RIGHT TO TAKE AWAY YOUR MALAYSIAN IDENTIFICATION CARD

RIGHT TO TAKE AWAY YOUR MALAYSIAN IDENTIFICATION CARD

1024 536 Bandith Khunpitak

Have you ever had somebody asking you whether you should provide and/or surrender your Identification Card for i.e security purposes at guarded neighbourhoods/communities?

If yes, this is most likely performed by guards who have asked for your IC/ID such as MyKad or driving license to ensure the safety of the premises as set by the rules of the premises’ management and in exchange the visitors would usually get a security visitor pass to enter the premises.

However, under the National Registration Act 1959, you SHOULD NOT let anybody hold on to your IC, except the issuing body of National Registration Department.

By virtue of Rule 7 of the National Registration Regulation 1990, only a registration officer, police officer, customs officer, military officer or other officers authorised by the National Registration Department (JPN) director-general, can conduct checks on the identity of a person and request for identification. This includes taking a photograph of your Identity Card!

Regulation 8 of the National Registration Regulations 2007 states that only authorised personnel may require visitors to show them their MyKad for identity verification.

 

SO WHAT SHOULD YOU DO?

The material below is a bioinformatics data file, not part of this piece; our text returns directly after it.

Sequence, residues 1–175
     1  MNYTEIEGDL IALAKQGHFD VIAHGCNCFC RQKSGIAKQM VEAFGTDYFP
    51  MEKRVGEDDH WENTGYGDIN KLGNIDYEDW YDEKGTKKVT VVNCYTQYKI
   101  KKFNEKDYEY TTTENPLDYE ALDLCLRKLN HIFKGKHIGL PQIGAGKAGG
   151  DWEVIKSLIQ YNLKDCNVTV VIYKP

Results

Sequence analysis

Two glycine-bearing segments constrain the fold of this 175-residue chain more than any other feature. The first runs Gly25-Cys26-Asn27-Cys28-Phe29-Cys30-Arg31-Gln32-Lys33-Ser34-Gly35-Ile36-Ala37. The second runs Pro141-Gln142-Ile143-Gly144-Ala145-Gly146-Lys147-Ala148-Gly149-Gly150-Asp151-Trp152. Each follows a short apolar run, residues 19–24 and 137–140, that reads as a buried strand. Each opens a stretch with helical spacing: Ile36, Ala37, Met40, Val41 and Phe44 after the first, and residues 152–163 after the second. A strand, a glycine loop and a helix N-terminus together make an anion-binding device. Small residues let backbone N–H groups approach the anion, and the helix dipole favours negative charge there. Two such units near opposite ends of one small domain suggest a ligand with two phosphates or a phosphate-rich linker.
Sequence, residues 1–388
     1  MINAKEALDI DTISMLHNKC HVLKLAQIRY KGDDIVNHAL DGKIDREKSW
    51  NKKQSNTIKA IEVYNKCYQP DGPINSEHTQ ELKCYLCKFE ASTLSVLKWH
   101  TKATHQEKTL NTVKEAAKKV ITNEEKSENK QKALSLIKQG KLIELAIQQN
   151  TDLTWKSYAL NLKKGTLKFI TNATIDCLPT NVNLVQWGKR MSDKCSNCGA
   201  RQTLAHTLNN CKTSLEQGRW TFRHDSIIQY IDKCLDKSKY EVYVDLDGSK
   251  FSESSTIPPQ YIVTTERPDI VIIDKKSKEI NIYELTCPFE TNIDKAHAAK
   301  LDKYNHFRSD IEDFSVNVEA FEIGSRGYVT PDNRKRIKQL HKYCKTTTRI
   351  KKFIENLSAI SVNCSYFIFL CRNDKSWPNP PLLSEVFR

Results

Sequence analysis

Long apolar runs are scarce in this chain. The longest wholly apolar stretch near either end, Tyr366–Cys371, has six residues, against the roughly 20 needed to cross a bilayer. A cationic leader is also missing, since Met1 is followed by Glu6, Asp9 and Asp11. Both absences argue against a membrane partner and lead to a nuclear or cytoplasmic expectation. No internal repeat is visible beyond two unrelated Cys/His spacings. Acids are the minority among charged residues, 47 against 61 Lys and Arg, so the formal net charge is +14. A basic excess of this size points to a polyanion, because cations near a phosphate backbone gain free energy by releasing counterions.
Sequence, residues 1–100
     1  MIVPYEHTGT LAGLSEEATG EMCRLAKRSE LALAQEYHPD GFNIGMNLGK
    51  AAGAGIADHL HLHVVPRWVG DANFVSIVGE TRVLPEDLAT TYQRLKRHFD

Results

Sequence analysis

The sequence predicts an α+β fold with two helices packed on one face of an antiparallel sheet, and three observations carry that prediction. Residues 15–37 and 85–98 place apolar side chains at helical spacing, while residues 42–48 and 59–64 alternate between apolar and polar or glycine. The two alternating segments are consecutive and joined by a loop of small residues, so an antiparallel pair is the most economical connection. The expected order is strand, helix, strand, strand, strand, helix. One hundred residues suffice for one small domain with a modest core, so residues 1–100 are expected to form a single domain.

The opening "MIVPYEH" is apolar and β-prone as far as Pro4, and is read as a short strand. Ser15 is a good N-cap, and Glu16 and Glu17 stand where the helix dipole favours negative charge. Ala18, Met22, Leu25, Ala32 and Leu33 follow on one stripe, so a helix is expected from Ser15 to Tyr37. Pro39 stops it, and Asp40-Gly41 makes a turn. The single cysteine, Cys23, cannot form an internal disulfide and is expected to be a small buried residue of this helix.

If you are stopped by the security personnels, you should not give your IC/driving license for them to hold (unless they are the persons stated above).

Instead, you should record your information and hand it over to the authorised person.

A person who unlawfully keeps another person’s MyKad can be charged under Regulation 25 of the National Registration Act 1959.

 

Pro tip: You could give your business cards too!

Bandith Khunpitak

Bandith ‘Ben’ Khunpitak is not your average Malaysian. He hails from the tropical island of Penang and is part of the minority representing the Thai Siamese community in Malaysia. Ben graduated with an LL.B. from Northumbria University and has a passion in writing and traveling. He was the editor for his Law School's Newsletter (2014/2015) and has once solo backpacked across Europe for a month. As a polyglot, Ben speaks 5 languages fluently, with Thai being his mother tongue. He often gives back to the community by teaching linguistics to children on a pro-bono basis.

All stories by:Bandith Khunpitak